“In all of our forward planning, I think broadband is going to be so important,” he said. “I think about the school financial situation and I cannot help but wonder what a couple of hundred thousand dollars a year from Mon forest sales over the last 20 years, what a difference that would have made in the financial picture.”
Felton said he appreciates that President Trump is trying to level the playing field with his tariffs, and would like to see some help for foresters similar to what Midwest farmers have received. Miller said she understood and shares his concerns about increasing the harvesting of West Virginia hardwoods.
Felton did highlight a couple of positive improvements in the county, namely the designation of a ride center in the county by the International Mountain Biking Association and the re-establishment of the Mountain Transportation Authority that provides transportation for residents to far flung employers in the county like Snowshoe and Interstate Hardwoods.
Felton also made a plea for help with flood intervention.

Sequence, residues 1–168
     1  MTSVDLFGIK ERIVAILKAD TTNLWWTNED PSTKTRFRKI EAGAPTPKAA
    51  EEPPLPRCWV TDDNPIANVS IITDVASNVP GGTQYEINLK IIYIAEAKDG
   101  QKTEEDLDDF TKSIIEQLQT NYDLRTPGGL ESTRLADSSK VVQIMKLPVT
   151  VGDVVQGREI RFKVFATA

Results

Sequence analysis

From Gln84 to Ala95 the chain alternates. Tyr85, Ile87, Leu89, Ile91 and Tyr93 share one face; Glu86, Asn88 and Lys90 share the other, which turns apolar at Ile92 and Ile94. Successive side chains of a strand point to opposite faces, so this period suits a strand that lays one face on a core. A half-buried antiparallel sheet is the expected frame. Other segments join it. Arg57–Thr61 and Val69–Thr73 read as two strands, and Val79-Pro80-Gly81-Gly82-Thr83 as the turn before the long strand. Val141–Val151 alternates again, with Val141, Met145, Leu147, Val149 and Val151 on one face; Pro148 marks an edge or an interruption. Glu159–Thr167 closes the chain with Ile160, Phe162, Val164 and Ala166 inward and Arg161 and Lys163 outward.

“The flood aspect is always there for us,” he said. “The inability for channel restoration and removal of excessive sedimentation on the Greenbrier River, it’s terrible that we cannot do something to lessen the flood threat. We know that those type of measures would not make that big of a difference on an ’85 or ’96 flood event, but it would make all the difference on all those other floods in between.”
Other residents at the meeting included Pocahontas Parks and Recreation Director Lauren Bennett, Snowshoe Foundation Executive Director Kristin Beverage-Doss and Pocahontas County Free Libraries Director Cree Lahti. Bennett and Beverage-Doss spoke about the need to create jobs that encourage county students to not only pursue higher education, but also jobs that will bring them back to the county to live and contribute back to the community. Lahti asked for Miller to support federal funding that helps keep rural libraries open for the community.
Miller and her Deputy Chief of Staff Michael Chirico listened attentively during the meeting. If you have a concern for Congresswoman Carole Miller, you can contact her office at 1605 Longworth HOB, Washington, D.C. 20515. You may also contact her Deputy Chief of Staff at Michael.firstname.lastname@example.org.